Ask Jonathots… October 20th, 2016

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The Presidential election has raised my awareness about gender bias in America. What can I do as a woman to raise the level of respect for women?

Stop trying to raise the level of respect and equality for women. That’s a good start.

As long as you are talking about yourself as a woman, men have been trained to act overly sensitive, or worse, condescending.

The struggle is–and always will be–for human rights.

It was Jesus who used the inclusive word “neighbor” instead of focusing on a pronoun such as “he” or “she” when proclaiming who we should love.

If you treat yourself like a special case, people will never include you as part of the general population. This is why terms like “African American” do not increase fairness for the black race, but instead, qualify them as visitors to the country instead of primally intricate.

Anything you put before the word “human” is useless and ends up relegating you to a status of something different. When we stop talking about difference, we will finally get down to having an Earth-saving conversation about commonality.

You will astound the men and women around you when you start referring to yourself as a human being, a person or a fellow-traveler instead of a gender-bound individual whose feelings have to be isolated and studied for understanding.

For instance:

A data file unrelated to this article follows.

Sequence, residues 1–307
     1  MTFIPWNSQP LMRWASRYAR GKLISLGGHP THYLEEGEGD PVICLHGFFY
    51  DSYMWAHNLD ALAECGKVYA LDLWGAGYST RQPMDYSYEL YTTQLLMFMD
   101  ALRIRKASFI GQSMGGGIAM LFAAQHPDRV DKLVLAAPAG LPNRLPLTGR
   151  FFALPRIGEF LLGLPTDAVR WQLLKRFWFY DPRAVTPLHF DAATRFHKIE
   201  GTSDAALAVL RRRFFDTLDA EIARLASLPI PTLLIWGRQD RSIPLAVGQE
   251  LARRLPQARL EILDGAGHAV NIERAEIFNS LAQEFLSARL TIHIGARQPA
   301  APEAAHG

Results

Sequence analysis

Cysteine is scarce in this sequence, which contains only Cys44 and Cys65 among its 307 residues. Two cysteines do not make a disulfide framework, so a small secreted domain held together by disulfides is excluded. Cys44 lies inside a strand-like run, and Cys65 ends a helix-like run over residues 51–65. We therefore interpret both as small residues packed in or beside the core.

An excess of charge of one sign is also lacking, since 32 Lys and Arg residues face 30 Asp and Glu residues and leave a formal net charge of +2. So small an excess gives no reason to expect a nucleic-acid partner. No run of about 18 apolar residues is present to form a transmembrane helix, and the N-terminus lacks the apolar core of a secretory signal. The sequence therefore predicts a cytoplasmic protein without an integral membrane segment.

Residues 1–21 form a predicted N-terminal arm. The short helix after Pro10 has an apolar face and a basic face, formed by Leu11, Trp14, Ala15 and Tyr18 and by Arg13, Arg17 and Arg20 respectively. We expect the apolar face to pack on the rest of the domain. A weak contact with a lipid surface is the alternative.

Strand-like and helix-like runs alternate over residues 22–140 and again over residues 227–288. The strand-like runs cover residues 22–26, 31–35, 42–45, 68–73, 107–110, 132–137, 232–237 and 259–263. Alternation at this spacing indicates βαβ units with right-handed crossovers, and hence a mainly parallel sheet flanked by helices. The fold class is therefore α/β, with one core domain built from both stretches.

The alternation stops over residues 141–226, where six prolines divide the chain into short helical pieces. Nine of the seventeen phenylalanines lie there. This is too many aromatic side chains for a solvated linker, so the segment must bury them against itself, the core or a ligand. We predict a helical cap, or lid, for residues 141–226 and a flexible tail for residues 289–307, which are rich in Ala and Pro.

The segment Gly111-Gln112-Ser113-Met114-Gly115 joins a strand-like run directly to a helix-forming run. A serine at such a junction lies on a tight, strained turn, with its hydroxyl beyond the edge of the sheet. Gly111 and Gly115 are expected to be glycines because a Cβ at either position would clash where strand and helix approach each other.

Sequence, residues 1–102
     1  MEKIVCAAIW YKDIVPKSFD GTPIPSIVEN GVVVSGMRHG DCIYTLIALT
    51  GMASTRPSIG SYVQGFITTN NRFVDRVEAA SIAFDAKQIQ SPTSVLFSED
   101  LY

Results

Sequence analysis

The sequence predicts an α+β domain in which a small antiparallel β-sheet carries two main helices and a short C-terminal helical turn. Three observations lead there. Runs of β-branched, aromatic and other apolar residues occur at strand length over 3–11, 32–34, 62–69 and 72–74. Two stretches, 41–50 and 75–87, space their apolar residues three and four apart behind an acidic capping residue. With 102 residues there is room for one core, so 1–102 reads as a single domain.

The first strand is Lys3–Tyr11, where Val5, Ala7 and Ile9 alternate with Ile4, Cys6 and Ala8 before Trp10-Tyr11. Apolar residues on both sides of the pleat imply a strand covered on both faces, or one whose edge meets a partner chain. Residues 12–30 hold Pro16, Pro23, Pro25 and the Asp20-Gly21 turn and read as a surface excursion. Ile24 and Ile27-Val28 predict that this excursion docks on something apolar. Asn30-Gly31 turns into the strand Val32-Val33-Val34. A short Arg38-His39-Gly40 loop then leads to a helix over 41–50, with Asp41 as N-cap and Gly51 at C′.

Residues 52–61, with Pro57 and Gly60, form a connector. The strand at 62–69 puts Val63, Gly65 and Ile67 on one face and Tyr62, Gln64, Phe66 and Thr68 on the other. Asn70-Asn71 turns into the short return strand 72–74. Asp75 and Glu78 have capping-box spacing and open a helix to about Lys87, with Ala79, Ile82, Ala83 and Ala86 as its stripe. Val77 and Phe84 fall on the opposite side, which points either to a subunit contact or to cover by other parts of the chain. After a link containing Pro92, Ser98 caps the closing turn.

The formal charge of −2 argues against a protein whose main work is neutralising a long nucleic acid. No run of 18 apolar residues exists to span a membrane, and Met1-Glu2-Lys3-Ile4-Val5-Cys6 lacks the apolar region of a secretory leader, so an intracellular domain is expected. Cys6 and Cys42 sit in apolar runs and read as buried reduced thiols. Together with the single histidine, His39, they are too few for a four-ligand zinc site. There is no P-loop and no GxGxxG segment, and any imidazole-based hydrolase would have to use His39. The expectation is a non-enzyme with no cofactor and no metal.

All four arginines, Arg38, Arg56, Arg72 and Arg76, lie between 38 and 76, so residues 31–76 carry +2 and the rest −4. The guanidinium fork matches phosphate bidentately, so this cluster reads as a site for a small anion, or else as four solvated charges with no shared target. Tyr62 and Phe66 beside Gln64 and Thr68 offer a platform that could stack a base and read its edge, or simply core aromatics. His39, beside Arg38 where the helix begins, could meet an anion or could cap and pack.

If a man who thinks he is being extremely equitable says to you, “What is a woman’s thinking on this?” you should respond, “I don’t know, but as a human being, my thinking is…”

If someone asks, “What’s it like being a woman?” you should respond, “It’s very human, just like being a man–except we’re able to birth duplicates.”

Keeping a sense of humor, along with an awareness of our similarities, is the path to equity.

To do this you will have to shed some of the fantasies, silliness and cultural trap doors that have been created by our society to make sure that men stay in their boxes and women remain in their dollhouses.

You can do this. It’s a simple formula:

  • Reinvent the language, you change your attitude.
  • Change your attitude, you revise your approach.
  • Revise your approach, you begin to be perceived differently.

 

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Ask Jonathots… September 8th, 2016

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I had to do a short talk in speech class and wanted to chat about my church experience, but I felt I had to offer a disclaimer about Christianity: “I’m a Christian, but I don’t hate you.” I would love to stop having to do that. How?

Every single week, Americans go and spend money at Wal-Mart, even though it is pretty well known that their products are manufactured through cheap labor, often with the mistreatment of the employees. Should we stop shopping at Wal-Mart because the company has chosen practices that disregard the workers in other countries?

You can feel free to do so, but Wal-Mart is not going to be affected by your decision.

Or you can come to the conclusion that the only responsibility you have is to make sure that your life, your aspirations and your interactions with other human beings are free of intimidation and unfairness.

You’re not responsible for Wal-Mart.

You are responsible for you.